If the head is allowed to pull back to a balanced position on the well-placed shoulders, the chin can still recede a bit. You must allow the chin to do something remarkable. Instead of the chin moving back with the head, it is actually forced to move forward (with a little help by relaxing the jaw muscles) creating the preferred strong, protruding chin. Naturally, it moves forward to balance the rearmost back of the head. This, of course, is desirable because the sinuses are more open and breathing improves, you think more clearly, and because your head is balanced, your neck muscles are not working as hard.
As for the appearance of the skin under the chin and in front of the throat, the skin is not stretched at an angle as before. With better posture, the skin is allowed to reset itself in its own position. The stretched muscles and fat that filled the area created by poor jaw posture are gone or will soon be gone. Over time, loose skin will seek its natural, proper, and toned appearance. Over time, it will “stick” to the front of the throat and under the jaw. Sharper definition is restored.
Better posture allows the muscles to be positioned correctly in the area between the chin and the breastbone. Muscles that are positioned where they should be work best. Every time you swallow, talk, sing, chew food, etc., the muscles in the throat and under the jaw pull the associated skin into its correct position. This happens even if you are older. Also, the cheeks and breast bones can expand with better breathing and due to better posture. Better breathing increases the size of the chest and lifts the chest. With a balanced head and better posture, you gain better toned facial muscles around the mouth and cheeks. The jowl muscles around the sides of the jaw are properly used, stretched out, and then become more streamlined.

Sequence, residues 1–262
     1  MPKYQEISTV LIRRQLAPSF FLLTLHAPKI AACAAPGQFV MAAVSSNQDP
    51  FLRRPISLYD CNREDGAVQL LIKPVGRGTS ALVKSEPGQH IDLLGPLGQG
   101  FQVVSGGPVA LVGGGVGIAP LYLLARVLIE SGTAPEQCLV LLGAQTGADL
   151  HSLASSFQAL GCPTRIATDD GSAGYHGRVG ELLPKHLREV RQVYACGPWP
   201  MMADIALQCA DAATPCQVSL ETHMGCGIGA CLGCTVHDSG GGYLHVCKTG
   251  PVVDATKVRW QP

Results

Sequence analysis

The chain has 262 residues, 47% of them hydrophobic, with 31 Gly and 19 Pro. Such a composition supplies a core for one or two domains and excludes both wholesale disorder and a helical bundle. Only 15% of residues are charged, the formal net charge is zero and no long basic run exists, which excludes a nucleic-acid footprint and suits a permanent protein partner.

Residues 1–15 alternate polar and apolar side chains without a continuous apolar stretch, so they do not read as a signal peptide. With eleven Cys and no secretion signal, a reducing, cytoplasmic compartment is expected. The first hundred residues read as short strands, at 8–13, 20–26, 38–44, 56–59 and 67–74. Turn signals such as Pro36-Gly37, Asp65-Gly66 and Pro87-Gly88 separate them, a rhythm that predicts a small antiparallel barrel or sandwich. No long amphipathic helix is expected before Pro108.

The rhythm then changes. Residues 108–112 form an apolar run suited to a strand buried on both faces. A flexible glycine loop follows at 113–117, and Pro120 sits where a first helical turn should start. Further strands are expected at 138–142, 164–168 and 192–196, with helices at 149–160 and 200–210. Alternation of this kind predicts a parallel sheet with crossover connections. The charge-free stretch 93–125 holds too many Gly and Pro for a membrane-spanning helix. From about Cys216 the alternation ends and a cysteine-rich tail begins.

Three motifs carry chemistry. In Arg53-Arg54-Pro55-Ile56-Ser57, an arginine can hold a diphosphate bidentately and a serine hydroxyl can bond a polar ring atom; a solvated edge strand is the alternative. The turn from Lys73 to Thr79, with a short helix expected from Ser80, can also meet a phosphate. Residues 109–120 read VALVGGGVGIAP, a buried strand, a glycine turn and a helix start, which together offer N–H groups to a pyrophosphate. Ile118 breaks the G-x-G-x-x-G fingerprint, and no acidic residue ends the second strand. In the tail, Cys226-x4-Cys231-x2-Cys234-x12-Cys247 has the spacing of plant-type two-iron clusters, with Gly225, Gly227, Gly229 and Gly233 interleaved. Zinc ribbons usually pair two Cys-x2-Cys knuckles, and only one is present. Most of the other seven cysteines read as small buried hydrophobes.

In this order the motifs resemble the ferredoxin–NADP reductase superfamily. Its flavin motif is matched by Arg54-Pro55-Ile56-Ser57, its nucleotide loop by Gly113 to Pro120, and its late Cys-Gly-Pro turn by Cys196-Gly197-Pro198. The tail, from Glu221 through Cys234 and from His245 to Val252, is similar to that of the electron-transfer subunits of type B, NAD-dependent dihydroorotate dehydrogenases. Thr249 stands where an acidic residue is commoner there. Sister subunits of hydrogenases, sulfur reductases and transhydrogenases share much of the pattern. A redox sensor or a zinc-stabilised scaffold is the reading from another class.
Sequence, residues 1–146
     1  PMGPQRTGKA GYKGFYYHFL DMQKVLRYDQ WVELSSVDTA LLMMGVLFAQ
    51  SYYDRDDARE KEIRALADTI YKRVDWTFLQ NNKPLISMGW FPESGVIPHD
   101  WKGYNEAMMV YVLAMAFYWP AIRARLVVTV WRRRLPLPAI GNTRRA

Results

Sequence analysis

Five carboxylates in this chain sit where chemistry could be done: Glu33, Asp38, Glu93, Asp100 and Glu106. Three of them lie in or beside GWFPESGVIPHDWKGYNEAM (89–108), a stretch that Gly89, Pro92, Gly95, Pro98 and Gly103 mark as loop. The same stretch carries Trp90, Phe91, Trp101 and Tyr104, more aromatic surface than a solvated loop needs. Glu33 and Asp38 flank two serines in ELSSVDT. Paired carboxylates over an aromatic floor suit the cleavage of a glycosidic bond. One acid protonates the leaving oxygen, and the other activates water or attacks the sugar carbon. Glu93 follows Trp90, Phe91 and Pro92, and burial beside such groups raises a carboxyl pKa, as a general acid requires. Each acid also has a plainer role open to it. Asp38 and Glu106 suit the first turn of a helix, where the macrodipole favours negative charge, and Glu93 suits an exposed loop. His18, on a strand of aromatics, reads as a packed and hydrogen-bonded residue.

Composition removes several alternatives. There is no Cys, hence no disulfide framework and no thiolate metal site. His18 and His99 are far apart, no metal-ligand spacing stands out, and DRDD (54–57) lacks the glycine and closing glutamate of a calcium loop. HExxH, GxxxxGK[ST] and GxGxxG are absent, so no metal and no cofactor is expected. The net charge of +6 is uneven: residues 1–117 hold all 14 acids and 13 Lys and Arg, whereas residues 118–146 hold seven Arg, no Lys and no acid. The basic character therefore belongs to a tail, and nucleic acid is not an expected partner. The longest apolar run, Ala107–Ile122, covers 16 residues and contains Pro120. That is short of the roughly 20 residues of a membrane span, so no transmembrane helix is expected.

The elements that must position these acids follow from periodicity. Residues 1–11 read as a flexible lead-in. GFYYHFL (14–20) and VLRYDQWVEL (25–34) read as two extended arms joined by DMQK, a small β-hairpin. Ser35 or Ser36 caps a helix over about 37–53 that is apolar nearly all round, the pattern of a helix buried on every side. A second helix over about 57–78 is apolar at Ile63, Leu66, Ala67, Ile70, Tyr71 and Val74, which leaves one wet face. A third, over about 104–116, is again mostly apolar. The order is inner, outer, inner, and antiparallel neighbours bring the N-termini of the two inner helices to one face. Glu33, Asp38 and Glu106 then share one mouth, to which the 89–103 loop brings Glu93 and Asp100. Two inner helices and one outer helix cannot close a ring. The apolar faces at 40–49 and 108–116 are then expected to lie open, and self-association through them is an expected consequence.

All or these muscles are working to pull the skin in the area in front of the throat and under the jaw into its correct position. Also, with a more protruding and well-positioned chin, more towards the front of the face and further away from the throat, the skin in this area is stretched, or rather, repositioned as it normally would. This reduces flab and creates a more toned and youthful appearance.
It is not necessary to visit a doctor for this. Plus, if you do it yourself, the muscles that could help get your skin back to its proper appearance won’t be cut with a scalpel. And you have the added gratification that you did it yourself.
To correct double chins and sagging skin in the area around the throat and jawline, keep practicing these movements and adjustments until they “set in.” With a strong chin at the top, you’ll find life just keeps getting better.